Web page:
Flint Town Toughness

 

 I was driving to work this morning and I heard on the radio that Flint was voted the 5th worst city in America to live.  Now I always knew that Flint had issues with crime and the job market after the GM plants began to close but it never seemed that bad to me.  In my experience Flint is filled with passionate, caring people who love where we come from and the lessons that we learned growing up in Flint.  I truly believe that Flint is the greatest city on earth and the people I’ve met and the lessons they taught me are a major factor in the success I have had.

I’ve heard people say that iron sharpens iron and the same thing can be said about growing up in Flint.   Flint teaches you a certain type of grind and toughness, it is a working class city and nobody is going to give you anything, especially on the basketball court.  When you step on a basketball court in Flint, regardless of whether it is in a gym or in a park you better have your shoes tied up and be ready to go.  You are constantly playing against people like Mateen Cleaves, Charlie Bell, Morris Peterson, Kelvin Torbert, and number of unbelievable players.  So you better be ready because if you come out there and you aren’t ready to play, you will be embarrassed and chances are there is a group of people watching the game who will make sure the whole city knows about it.  I spent the majority of my basketball career in Flint as a minority on the basketball court, it may be hard to believe but there aren’t a ton of 6’2 white guys playing basketball in the Flint city leagues.  So I knew that whenever I was on the court I had to almost justify to the people watching that I belonged there and earn my respect.   But I loved every minute of it and it forced me to develop a toughness and grit to never back down from a challenge.  No matter what happened in my basketball career I always remember what I learned on the courts back home, I’ll never forget where I came from and how it help shape the person I am today.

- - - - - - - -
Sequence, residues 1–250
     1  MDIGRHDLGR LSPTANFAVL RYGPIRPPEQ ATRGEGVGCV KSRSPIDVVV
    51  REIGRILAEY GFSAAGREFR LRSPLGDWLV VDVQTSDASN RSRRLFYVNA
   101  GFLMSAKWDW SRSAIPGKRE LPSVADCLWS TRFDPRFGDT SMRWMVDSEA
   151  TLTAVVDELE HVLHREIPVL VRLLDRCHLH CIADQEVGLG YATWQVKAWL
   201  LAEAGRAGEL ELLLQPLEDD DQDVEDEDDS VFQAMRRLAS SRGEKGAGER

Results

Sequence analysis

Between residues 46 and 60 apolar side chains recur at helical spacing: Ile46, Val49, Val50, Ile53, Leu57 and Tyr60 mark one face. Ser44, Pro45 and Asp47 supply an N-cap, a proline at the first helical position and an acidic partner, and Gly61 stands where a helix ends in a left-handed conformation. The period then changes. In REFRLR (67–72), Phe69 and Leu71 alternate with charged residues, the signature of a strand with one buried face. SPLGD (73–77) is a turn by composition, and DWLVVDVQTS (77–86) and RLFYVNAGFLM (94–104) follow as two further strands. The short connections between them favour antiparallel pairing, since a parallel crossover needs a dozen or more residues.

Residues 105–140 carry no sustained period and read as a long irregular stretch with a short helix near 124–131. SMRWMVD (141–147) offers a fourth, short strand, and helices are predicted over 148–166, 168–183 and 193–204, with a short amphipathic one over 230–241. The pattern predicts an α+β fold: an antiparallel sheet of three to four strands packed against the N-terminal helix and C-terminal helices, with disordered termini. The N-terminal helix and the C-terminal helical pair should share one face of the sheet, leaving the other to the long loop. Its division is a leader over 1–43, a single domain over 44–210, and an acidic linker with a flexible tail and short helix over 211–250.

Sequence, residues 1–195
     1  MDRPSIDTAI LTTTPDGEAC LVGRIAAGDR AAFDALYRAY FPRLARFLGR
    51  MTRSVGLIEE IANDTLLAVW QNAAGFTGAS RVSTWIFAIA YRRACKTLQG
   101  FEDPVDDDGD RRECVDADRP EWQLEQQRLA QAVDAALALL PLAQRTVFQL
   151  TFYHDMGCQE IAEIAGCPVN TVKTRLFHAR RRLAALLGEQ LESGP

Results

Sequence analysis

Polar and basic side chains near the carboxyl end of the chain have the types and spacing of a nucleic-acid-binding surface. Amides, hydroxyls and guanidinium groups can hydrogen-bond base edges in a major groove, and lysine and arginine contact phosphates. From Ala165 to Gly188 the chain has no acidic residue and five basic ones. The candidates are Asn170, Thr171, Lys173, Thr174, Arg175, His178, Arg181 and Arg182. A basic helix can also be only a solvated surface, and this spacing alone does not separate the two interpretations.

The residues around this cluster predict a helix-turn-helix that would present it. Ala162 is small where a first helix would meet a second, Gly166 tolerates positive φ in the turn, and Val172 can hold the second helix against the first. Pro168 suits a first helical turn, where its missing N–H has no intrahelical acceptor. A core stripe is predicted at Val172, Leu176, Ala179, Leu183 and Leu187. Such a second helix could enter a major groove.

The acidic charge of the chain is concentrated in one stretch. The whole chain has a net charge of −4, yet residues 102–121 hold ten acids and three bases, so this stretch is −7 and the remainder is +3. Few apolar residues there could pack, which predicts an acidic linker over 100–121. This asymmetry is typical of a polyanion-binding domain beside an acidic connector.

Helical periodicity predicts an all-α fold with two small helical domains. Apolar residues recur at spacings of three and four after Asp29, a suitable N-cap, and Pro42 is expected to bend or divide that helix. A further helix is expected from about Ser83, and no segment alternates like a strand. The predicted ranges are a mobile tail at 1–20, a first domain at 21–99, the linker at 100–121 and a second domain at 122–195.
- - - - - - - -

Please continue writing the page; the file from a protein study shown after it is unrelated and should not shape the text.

Don’t forget where you started and what those experiences taught you.  You might have been an intern in the mail room and worked your way up to the CEO of your company but at some point during your internship you learned something that will stay with you forever.  Just like my early time on the basketball court you have to take ever opportunity to justify the job you are doing and earn the respect of your co-workers and customers.

 Take time to think about your up bringing and how all the experiences you had shaped you into the person you are today.

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